Security Mission to Israel
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Jewish Federation of Cleveland Director of Security, Beachwood Police Captain Take Part in Security Mission to Israel
Article reprinted with permission from Cleveland Jewish News
By Ed Wittenberg
Jim Hartnett, director of community-wide security for the Jewish Federation of Cleveland, said attending the first Secure Community Network Mission to Israel was a valuable experience for him.
“As someone who works in the Jewish community, it is important to understand Jewish and Israeli culture,” he said. “This mission opened up my mind to security applications that we can potentially apply here in our community and gave me valuable insight into various Israeli security practices that would be beneficial to me here in Cleveland.”
Paul Goldenberg, national director of the SCN, helped to organize the one-week mission, most of which took place in Tel Aviv and Jerusalem. The group also spent time in such places as Beit Shean, Cleveland’s sister city in Israel, and the Golan Heights.
Hartnett said Israeli security experts shared their understanding of the motivations, characteristics and ideologies of international terrorism organizations. This provided an enhanced understanding of potential threats posed to the American Jewish community, he said.
“The experience of meeting Israeli security experts within all levels of government provided me with examples of how a democratic and free society can thrive despite the daunting challenges they face every day in dealing with their adversaries,” he said. “Walking the streets and seeing the sites where similar issues have been brewing for thousands of years brought an intensified level of reality to the ongoing challenge of providing security for Jewish communities everywhere.”
Twenty people took part in the mission, including representatives from the U.S. Department of Homeland Security, law enforcement executives and Jewish Federation security directors from Cleveland, Cincinnati, Detroit, Atlanta, Kansas City, Mo., and Memphis, Tenn.
Joining Harnett as participants from Greater Cleveland were Bart Bookatz, chair of the Federation’s security committee, and Capt. Gary Haba of the Beachwood Police Department. Haba attended at the request of Hartnett.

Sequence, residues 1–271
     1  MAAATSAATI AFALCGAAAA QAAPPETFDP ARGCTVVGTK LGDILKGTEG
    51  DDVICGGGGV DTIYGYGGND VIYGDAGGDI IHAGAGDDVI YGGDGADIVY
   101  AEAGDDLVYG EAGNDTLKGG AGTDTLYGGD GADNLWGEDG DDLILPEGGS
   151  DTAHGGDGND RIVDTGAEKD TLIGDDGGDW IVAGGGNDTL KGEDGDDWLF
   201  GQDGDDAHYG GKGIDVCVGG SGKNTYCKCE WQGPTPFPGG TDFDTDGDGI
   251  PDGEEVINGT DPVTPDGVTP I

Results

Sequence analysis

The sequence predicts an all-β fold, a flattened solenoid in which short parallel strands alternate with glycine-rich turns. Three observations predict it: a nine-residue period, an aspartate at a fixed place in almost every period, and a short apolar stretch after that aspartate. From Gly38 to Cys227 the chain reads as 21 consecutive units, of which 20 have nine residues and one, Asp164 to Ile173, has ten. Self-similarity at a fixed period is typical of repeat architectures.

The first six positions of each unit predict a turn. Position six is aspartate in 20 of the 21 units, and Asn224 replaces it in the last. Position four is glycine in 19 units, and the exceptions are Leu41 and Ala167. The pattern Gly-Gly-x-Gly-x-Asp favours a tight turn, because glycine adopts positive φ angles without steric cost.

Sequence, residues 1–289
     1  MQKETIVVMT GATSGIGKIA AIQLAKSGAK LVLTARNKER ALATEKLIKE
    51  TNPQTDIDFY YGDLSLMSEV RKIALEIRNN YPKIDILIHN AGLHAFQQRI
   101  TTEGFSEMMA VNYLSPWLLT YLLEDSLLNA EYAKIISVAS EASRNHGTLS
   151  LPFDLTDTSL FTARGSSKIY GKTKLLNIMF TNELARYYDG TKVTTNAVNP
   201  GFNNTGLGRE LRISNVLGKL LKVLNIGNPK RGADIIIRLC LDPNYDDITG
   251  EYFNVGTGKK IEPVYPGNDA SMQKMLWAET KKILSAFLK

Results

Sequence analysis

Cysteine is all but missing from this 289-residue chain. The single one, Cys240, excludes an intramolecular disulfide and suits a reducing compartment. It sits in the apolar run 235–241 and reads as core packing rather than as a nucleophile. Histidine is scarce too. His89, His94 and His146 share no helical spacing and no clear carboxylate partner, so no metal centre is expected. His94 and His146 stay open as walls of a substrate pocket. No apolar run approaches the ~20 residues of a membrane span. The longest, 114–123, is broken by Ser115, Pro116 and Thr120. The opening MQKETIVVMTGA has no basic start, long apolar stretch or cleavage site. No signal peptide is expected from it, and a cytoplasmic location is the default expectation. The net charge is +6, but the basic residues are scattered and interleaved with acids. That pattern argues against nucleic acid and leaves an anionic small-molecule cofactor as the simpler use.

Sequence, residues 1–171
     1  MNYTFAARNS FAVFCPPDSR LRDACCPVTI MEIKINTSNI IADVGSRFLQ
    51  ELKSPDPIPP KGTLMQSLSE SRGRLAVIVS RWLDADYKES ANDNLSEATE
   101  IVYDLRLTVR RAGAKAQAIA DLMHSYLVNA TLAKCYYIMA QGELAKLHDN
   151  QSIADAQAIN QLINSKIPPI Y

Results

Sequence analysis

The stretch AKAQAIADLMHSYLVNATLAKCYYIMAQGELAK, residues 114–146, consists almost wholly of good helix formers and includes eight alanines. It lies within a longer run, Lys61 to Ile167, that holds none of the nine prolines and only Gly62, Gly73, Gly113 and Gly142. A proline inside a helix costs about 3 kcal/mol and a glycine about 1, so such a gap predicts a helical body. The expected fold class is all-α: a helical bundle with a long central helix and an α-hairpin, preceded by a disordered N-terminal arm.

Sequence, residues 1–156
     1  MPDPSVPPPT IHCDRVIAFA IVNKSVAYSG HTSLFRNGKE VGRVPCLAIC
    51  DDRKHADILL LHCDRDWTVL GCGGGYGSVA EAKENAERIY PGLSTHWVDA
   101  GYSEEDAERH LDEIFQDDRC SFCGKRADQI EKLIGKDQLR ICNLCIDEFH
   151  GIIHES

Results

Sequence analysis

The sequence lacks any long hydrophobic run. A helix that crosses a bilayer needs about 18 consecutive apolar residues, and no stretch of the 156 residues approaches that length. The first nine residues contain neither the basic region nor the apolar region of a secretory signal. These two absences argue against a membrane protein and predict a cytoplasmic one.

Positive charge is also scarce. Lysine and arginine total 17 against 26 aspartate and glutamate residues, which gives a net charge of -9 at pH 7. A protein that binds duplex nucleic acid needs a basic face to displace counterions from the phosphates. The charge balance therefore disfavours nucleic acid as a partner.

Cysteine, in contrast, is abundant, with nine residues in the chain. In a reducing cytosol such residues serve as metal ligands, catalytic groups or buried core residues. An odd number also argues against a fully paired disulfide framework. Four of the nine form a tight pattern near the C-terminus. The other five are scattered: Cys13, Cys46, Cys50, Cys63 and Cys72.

“It was a smart idea of Federation President Stephen H. Hoffman to allow us to bring a law enforcement liaison from the Cleveland Jewish community on this mission,” Hartnett said. “We selected Capt. Haba because is a rising executive in the law enforcement community.”
Hartnett noted Haba recently completed executive training at the FBI’s National Academy.
“Having Capt. Haba on the mission helped to create a common language and understanding between the needs of our community and our local police,” Hartnett said. “We’re looking to build onto this and offer the mission to other law enforcement executives in the future.”
Haba said it was important for him to take part due to the large number of Jewish institutions in Beachwood.
“Having a better understanding of the culture and concerns of the Israelis will assist our department in responding to and understanding the concerns here at home,” he said.
Haba said he learned a great deal about how the government handles both intelligence and “on the ground” security matters in Israel.
“We met with and received briefings from a vast array of high-level government officials and media members there,” he said. “The politics in Israel and relations with the Palestinians and nearby countries are very complex and could never be fully understood or felt in a week. But I have a much better understanding now than I did prior to the mission and can now relate what I hear on the news to my own experience there.”
In addition to gaining an understanding of the dynamics of the security issues in Israel, Hartnett said a key take-away for him from the mission was “empowering your citizens.”
“Many terror attacks in Israel have been thwarted or stopped by alert and responsible residents who took the initiative and alerted security forces,” he said. “The public is treated as a key partner in counterterrorism. All citizens are trained at an early age through mandatory military service to be alert and on guard at all times.
“We need to start teaching all our citizens here in the U.S. how to act quickly and respond proactively in the face of threats to help prevent a tragedy. Raising the public’s awareness for indicators of terrorism-related crime should be a higher priority here in the U.S.”
Haba said the importance of the public’s participation and involvement in security was also a key take-away for him.
“It is crucial to have effective information sharing on potential threats or problems throughout the government and private sectors,” he said. “Training that involves both police and private security together makes for optimal efficiency in the event of a threat or incident.”
Hartnett said SCN is trying to promote an annual mission for law enforcement executives.
“I know they discussed having other missions in the future, mostly due to the success and positive feedback from this one,” Haba said. “The more police executives that attend such trips, the better.”